This is a grammar of walking I present to you, not a guide, not a travel book, but cautionary tales of structure in experience. Experience is simply the vehicle, as awareness is of knowledge in the joy and confirmation of oceanic consciousness. There is a deep health in feeling and knowing the root connections of things, the intricate mesh which has the ultimate unity of a point. I sequester myself from others both as a discipline and as a cure, for I find it hard to see with other people about with their distractions. But in the calm toil of walking alone I can measure the nearness of others fairly, and love them as I believe I should.

In short, Walking to Extremes is not quite a companionable to another footloose traveler as one might have hoped. McCord's purpose in "The Arctic Desert" is as much to ruminate upon life and learning as to go to specific exotic locales. To that end, the essay doesn't exactly offer a trove of reliable information---it focuses more on such things as how the brains of trees are underground and how trolls, elves, and sprites are present in places of enchantment. McCord wants the rester to understand this much:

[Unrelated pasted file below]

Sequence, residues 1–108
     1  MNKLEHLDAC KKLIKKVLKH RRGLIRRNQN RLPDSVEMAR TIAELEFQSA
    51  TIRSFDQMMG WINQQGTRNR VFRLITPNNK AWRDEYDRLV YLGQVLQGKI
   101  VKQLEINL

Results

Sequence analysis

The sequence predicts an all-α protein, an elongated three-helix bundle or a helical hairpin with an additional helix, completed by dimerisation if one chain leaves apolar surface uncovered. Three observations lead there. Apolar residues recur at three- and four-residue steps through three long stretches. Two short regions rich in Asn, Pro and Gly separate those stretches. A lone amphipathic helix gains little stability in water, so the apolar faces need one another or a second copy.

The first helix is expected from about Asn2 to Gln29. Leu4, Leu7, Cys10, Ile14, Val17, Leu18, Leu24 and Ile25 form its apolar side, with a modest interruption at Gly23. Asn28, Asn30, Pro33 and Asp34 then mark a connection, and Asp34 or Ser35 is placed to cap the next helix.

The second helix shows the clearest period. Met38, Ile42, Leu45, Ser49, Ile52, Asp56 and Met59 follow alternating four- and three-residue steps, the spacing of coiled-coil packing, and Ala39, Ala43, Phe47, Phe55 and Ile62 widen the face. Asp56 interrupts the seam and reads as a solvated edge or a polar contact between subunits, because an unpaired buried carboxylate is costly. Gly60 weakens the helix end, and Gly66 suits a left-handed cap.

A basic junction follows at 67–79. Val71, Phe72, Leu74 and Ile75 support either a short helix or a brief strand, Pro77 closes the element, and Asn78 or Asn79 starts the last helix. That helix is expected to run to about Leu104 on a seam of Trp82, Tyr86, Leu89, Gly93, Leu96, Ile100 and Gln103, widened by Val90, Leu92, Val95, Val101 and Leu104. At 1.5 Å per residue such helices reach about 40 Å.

What matters has no intellectual base; therefore, the importance of walking. Walking reveals the conflicting will of God. (What God commands is Good. What does this mean?) Even a child knows there is no intellectual justification for morality, that it goes deeper than that....

McCord's other lifelong passions---writing and teaching writing---also claim space in this essay, bubbling up from whatever simmers at his mental campfire. He is a poet, essayist, and novelist who taught philology and creative writing, mainly at Bowling Green State University, for more than forty years. he tells us in Walking to Extremes that, for him, thinking in language and walking a trail are the same thing:

May I come to know myself through language? Partially, I suppose, as it serves as matrix of certain of my thoughts. But language is more important (serving as that habit which will eventually be reified by a trail) as the vehicle by which I explain myself, most importantly as I understand its limits.